Africa now has momentum on TB; let’s not squander it

TB vaccine

For several years now, the World Health Organization’s annual TB report has shown progress in Africa.

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What you need to know:

  • Tuberculosis deaths have declined almost every year this decade.
  • The stage is set for African governments to have a remarkable impact.

It is interesting to see, from my vantage point in South Africa, the reaction to the slight rise in tuberculosis (TB) cases in the United States.

They had declined steadily since the early 1950s but, in the past few years, started to slowly increase.

However, while the percentages seem steep, the overall increase is less than 1,300 new cases.

In contrast, the disease has long been a crisis in Sub-Saharan Africa (SSA), with 17 of the highest TB burden countries.

But for several years now, the World Health Organization’s (WHO) annual TB report shows progress in Africa: Incidence is declining and more infections diagnosed and treated. And TB deaths have declined almost every year this decade.

This is stunning. SSA is making important inroads despite a tremendous burden as the US shows how turning away from public health allows diseases to chip away at everyone’s prosperity.

The stage is set for African governments to have a remarkable impact. Consider the state of the disease in three of the most populous African countries, in light of the US numbers, and how they are increasing their efforts.

TB detection services

In Kenya, TB incidence has declined over the past 14 years with deaths at a third of 2010 numbers. The government says it will increase treatment coverage and multi-drug resistance TB detection services.

In Nigeria, since 2018, TB incidence has held steady as deaths declined 38 per cent. The government has intensified efforts to find and treat individual cases before they can spread — 26 per cent more cases were reported last year than in 2022.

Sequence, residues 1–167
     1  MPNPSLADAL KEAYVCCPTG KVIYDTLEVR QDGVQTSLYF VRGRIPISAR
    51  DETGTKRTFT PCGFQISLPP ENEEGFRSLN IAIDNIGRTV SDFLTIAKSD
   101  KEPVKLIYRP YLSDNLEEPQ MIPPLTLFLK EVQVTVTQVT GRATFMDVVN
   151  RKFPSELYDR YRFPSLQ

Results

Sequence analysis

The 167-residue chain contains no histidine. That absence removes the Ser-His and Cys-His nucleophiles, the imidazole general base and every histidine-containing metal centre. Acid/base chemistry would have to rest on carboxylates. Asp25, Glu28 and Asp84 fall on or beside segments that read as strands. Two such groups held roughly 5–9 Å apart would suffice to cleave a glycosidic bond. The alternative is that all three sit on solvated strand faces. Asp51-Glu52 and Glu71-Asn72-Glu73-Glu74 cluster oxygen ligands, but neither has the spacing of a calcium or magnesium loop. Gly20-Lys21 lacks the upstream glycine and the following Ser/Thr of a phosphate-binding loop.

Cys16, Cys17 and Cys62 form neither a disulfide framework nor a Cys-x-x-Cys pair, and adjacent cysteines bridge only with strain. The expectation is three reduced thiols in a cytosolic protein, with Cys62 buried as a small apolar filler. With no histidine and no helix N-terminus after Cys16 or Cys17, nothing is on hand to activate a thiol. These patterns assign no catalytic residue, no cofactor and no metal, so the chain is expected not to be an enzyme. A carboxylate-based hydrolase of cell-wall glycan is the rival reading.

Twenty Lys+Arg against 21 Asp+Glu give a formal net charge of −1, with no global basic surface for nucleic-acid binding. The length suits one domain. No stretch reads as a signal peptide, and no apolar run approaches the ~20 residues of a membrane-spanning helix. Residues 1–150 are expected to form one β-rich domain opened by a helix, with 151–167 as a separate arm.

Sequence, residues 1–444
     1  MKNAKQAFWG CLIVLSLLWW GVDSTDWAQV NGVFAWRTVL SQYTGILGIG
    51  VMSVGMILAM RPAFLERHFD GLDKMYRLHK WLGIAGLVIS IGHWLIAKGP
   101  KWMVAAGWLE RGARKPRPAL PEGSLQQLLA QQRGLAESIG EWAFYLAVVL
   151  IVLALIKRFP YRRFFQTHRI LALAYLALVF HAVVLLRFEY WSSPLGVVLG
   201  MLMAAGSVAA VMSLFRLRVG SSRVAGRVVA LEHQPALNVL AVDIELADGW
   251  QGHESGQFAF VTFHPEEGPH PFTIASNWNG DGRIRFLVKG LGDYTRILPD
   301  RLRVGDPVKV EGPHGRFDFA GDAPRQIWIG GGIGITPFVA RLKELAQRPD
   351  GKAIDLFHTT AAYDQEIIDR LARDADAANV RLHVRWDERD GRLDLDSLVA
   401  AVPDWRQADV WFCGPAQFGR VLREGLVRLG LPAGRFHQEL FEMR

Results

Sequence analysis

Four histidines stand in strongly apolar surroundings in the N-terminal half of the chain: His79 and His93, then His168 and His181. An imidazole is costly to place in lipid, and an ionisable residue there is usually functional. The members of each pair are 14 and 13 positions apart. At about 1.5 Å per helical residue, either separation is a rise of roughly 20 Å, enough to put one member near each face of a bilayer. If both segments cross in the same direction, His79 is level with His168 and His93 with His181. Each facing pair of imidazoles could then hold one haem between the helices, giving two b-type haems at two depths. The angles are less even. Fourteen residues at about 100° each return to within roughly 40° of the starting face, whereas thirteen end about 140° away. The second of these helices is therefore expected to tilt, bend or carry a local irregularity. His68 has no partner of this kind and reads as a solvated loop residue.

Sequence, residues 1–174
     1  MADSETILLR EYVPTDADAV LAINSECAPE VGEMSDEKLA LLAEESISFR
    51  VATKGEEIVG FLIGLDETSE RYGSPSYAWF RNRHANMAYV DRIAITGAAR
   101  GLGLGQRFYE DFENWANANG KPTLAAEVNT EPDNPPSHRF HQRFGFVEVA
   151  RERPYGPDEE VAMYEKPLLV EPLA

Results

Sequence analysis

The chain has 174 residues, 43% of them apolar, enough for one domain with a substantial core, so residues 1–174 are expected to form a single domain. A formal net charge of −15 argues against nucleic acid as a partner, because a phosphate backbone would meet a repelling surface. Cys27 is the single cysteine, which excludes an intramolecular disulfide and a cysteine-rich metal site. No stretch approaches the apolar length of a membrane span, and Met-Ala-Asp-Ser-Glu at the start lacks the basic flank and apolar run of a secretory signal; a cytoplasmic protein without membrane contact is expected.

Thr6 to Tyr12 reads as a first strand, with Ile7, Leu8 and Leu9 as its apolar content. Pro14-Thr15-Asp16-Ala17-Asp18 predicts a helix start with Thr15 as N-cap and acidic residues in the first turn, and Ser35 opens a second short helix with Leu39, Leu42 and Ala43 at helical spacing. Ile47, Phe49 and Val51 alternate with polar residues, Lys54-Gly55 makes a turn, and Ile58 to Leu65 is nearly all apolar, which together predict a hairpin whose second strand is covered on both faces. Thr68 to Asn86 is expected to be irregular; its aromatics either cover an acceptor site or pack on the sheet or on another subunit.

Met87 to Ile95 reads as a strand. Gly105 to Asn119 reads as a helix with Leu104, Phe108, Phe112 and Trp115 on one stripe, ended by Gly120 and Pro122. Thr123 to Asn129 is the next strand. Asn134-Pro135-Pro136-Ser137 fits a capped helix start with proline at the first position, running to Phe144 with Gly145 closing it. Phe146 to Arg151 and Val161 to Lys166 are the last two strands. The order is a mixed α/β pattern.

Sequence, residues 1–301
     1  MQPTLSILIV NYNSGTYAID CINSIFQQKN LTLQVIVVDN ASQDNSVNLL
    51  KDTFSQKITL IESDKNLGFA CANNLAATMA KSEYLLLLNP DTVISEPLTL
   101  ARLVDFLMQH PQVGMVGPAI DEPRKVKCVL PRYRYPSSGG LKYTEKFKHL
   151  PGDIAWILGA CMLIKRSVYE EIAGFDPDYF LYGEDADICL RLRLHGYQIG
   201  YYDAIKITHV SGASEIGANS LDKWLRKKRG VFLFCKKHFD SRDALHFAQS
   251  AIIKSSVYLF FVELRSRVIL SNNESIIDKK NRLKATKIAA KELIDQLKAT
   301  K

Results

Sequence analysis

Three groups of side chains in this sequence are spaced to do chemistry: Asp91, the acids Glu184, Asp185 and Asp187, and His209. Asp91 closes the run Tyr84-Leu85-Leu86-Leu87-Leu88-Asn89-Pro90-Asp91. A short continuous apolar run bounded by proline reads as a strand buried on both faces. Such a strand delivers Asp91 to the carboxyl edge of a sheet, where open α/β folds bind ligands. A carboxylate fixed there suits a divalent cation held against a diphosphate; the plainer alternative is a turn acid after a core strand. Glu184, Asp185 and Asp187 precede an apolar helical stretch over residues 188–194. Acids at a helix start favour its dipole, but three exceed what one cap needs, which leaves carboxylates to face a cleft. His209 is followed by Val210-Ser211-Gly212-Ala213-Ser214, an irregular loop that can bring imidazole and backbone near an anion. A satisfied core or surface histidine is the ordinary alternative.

In South Africa, TB incidence has steadily fallen since 2010 and deaths slowly declined after steep drops in 2012 and 2013. The statefunds almost 75 per cent of its TB services and is launching an HIV and TB dashboard to better track the statistics.

Innovations in TB research and development have helped to improve outcomes. A treatment for the highly drug-resistant forms of the disease, developed by TB Alliance, was recommended by the WHO at the end of 2022 and is available to low- and middle-income countries through the UN’s Global Drug Facility. More than 70 countries are in various stages of adopting and implementing it.

The monies saved from deploying the new treatment regimen can be channeled back into TB prevention, detection and treatment services.

Projections indicate that this regimen, which is more cost-effective and shorter, would save $740 million globally every year if all eligible patients received it.

Treatment and prevention

Other new treatments, diagnostics and vaccines are on the horizon. The impact of safe, shorter, effective and cheaper tools to control TB could be significant.

Much more is needed though. At a key UN high-level meeting last September, member states agreed to spend $5 billion yearly on TB research and development yet they spent only 20 per cent of that in 2022.

They also agreed to put $22 billion yearly into TB diagnostic, treatment and prevention services by 2027 but spending was only $5.8 billion last year.

WHO estimates that more than two-thirds of TB patients and their households in SSA face catastrophic financial costs.

Besides the direct cost of medical care and that of getting to and from treatment, TB saps the ability of patients to work and the time spent taking care of patients detracts from that which could have been spent earning an income.

We cannot have solid economic growth if TB is eating away at both the health and livelihoods of our families. Instead, if governments focus on ending TB and invest in this goal, we can lift more people up and out of poverty while improving health.

TB must be a priority. It is past time to end the TB crisis, and it is now possible. But all governments need to step up and make this a reality.

Dr Olugbosi is senior director, clinical development, at TB Alliance